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Infectious Disease Epidemiology Program

Infectious Disease Outbreak Investigation and Management

2013 Arizona Outbreak Summary
2011-2013 Outbreak Performance Indicators
Images: Rashida Hassan, MSPH, Office of Infectious Disease Services, Bureau of Epidemiology & Disease Control

In Arizona, healthcare providers, healthcare institutions, correctional facilities, and administrators of schools and shelters are required to report outbreaks of infectious diseases to their local health department under Arizona Administrive Code (A.A.C.) R9-6-202 and 203 and Arizona Revised Statutes (A.R.S.) Title 36. Hotels, motels and resorts are also required to report contagious or epidemic diseases occuring in their establishments within 24 hours under A.R.S. Title 36, Chapter 6, Article 2.

The Office of Infectious Disease Services provides support for local health departments in outbreak investigations by coordinating clinical and environmental specimen testing at the Arizona State Public Health Laboratory (ASL); and managing statewide outbreak related data. ADHS also works closely with the Centers for Disease Control and Prevention (CDC), the Arizona Department of Agriculture, the Food and Drug Administration (FDA) and the US Department of Agriculture (USDA) for support and collaboration on multistate investigations.

Outbreaks are reportable to ADHS within one working day after a local health department receives a report (A.A.C. R9-6-206F). The information provided at time of report includes:

  • Location/setting of outbreak
  • Number of ill cases and susceptible cases
  • Date the outbreak reported to local and state health
  • Infectious disease etiology suspected
  • Contact information

The goals of outbreak investigation and management in Arizona are to:

  • Decrease the number of outbreaks by improving outbreak response and prevention
  • Identify specific areas of improvement for outbreak investigation and reporting
  • Collate data on all reported outbreaks in a centralized and standardized manner
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What is an Outbreak?

An outbreak is defined as an increase in cases of disease in time or place that is greater than expected. If a condition is rare (e.g. measles) or has serious public health implications (e.g. bioterrorism agent), an outbreak may involve only one case. When two or more cases in the same outbreak have a laboratory result involving the same etiologic agent, the outbreak is considered to be laboratory confirmed.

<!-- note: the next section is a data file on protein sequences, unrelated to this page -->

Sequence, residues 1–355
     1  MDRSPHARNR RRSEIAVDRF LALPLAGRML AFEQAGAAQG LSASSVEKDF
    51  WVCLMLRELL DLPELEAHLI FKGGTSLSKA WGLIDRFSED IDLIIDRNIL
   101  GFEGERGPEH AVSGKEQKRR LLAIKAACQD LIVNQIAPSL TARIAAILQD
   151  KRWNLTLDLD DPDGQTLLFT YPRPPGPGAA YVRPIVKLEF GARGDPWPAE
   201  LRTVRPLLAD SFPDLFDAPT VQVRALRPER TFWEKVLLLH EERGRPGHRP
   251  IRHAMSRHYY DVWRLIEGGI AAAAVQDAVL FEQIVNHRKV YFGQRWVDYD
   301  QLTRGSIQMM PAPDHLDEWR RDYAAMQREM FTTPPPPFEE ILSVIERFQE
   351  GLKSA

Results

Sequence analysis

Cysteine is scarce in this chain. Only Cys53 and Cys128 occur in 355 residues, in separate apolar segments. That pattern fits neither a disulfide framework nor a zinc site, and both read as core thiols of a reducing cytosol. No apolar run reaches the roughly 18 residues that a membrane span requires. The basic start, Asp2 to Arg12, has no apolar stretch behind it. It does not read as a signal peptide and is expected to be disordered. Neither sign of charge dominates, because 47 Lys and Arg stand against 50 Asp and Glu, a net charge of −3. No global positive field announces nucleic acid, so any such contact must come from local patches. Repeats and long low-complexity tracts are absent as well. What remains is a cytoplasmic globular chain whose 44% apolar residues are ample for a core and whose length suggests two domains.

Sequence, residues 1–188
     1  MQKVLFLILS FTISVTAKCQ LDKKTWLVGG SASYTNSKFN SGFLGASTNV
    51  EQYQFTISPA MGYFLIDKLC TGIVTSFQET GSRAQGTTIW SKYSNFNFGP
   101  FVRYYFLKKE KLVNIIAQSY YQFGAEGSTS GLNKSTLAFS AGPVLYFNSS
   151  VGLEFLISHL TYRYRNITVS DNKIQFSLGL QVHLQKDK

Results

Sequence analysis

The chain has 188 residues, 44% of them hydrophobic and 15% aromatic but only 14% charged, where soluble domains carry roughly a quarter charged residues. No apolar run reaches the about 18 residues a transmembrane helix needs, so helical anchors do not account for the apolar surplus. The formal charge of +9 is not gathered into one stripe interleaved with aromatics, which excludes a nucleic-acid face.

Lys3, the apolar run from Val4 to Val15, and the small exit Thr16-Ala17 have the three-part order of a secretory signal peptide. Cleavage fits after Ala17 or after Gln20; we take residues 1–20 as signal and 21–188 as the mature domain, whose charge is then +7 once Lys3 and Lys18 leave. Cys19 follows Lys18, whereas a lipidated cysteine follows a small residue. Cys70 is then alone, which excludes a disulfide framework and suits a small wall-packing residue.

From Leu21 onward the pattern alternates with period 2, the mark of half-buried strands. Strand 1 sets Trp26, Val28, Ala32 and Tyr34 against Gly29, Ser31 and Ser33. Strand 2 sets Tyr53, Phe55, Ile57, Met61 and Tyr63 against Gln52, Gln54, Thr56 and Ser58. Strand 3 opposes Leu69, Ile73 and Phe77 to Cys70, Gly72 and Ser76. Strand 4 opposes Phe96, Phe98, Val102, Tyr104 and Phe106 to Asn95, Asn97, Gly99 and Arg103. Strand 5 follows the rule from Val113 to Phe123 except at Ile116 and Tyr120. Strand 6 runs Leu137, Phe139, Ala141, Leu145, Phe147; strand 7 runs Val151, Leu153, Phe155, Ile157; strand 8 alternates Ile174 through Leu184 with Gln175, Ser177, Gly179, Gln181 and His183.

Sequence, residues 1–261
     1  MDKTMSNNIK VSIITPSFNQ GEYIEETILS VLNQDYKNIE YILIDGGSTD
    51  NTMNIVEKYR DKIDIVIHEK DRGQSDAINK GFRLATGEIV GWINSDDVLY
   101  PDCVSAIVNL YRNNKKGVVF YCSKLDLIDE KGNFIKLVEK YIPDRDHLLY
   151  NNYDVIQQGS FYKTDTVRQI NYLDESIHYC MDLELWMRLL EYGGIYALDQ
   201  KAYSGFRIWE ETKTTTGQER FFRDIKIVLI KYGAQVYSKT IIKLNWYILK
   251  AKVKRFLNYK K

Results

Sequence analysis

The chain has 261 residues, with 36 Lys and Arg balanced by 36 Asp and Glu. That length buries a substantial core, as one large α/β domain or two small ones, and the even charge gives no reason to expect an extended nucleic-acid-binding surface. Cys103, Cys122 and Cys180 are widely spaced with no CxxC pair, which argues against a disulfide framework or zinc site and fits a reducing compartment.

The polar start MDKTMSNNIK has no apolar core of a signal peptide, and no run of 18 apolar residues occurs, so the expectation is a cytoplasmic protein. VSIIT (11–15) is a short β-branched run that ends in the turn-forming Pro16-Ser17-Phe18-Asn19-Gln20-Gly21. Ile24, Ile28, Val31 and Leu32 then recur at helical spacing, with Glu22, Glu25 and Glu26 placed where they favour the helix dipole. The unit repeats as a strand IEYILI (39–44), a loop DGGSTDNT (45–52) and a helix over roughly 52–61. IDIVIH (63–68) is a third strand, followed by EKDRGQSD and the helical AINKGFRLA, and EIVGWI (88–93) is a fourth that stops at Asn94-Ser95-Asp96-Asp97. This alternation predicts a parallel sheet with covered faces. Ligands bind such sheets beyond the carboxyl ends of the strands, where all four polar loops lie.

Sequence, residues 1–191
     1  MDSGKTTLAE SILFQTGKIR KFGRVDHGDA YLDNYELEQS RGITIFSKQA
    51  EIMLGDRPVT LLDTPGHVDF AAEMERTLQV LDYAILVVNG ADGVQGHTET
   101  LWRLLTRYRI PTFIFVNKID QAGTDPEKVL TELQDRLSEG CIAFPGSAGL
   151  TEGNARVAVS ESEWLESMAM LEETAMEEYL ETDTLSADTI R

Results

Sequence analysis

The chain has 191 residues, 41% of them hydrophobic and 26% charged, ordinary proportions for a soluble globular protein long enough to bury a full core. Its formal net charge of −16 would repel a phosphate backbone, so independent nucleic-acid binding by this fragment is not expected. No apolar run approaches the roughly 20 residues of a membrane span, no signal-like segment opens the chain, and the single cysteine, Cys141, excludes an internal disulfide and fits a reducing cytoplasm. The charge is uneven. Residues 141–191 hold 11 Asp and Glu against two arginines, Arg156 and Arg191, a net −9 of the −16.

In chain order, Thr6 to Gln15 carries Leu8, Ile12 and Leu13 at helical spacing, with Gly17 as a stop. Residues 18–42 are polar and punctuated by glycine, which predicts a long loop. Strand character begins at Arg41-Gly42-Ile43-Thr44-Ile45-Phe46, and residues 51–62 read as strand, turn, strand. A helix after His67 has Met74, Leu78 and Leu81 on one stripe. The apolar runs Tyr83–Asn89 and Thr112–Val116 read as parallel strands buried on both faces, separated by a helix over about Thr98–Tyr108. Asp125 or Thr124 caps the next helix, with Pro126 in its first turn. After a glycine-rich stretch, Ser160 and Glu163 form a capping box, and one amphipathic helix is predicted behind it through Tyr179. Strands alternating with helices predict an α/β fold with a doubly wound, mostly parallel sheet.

These tables provide the interpretation of "outbreak" as related to each disease or condition for which outbreak reporting is required in Arizona by schools and by healthcare providers/facilities.

Local and state epidemiologists are responsible for outbreak investigations involving Arizona residents regardless of where they were exposed. Outbreaks involving residents from multiple states are usually coordinated by CDC. Investigations into the source of an outbreak can depend on the etiology involved (viral, bacterial, parasitic or chemical), the mode of transmission (foodborne, waterborne, environmental, person-to-person), or the outbreak setting (restaurant, hospital or assisted living facility, school or community).

A prioritization matrix has been developed that ranks the investigation priority for a single case and for an outbreak of each morbidity, and includes supporting notes. This document serves as a reference health departments when multiple simultaneous investigations occur and can help determine the urgency for which investigations must be initiated and the priority for which staff should be assigned to assist with each investigation.

Arizona Outbreak Statistics

Annual Outbreak Summary Reports can be found on the Data, Statistics and Reports page.

Arizona Outbreak Performance Goals

Arizona has defined three performance goals for outbreak tracking and response. These are:

  • >90% of reported outbreaks will have an investigation initiated within 24 hours of receipt of report
  • >95% of outbreaks will be reported to ADHS by the local health department within 24 hours of receipt of report
  • Reports of 100% of investigations will be forwarded to ADHS within 30 days after completion of investigation

Infectious Disease Outbreak Categories

Most infectious disease outbreaks can be classified into the following categories. These are:

Outbreak Reporting

To monitor Arizona’s progress in detecting and responding to reported outbreaks, ADHS and the local health departments developed a standardized outbreak summary form based on the CDC performance indicators.

The Outbreak Summary Form consists of the following sections:

  • Reporting agency (including outbreak report date and completion of final report)
  • Outbreak demographics (number of cases, outbreak dates, age/sex, severity, symptomatology, incubation period and duration of illness)
  • Implicated agent, toxin or chemical and case definitions used
  • Exposure and transmission (type of outbreak, setting, mode of transmission, source of outbreak)
  • Outbreak investigation methods
  • Reporting of outbreak to National Outbreak Reporting System (NORS)

Local health departments are required to complete an outbreak summary form for 100% of outbreak investigations and forward it to ADHS with 30 days after completion of investigation. The health departments are also encourgaed to enter outbreak information into CDC’s National Outbreak Reporting System (NORS)

The Outbreak Summary Form - Outbreak Summary Form

Any cluster of illnesses regardless of etiology should be reported to the local health departments 

Specimen Collection Information (for use by local health agency only)

Arizona State Public Health Laboratory Resources and Forms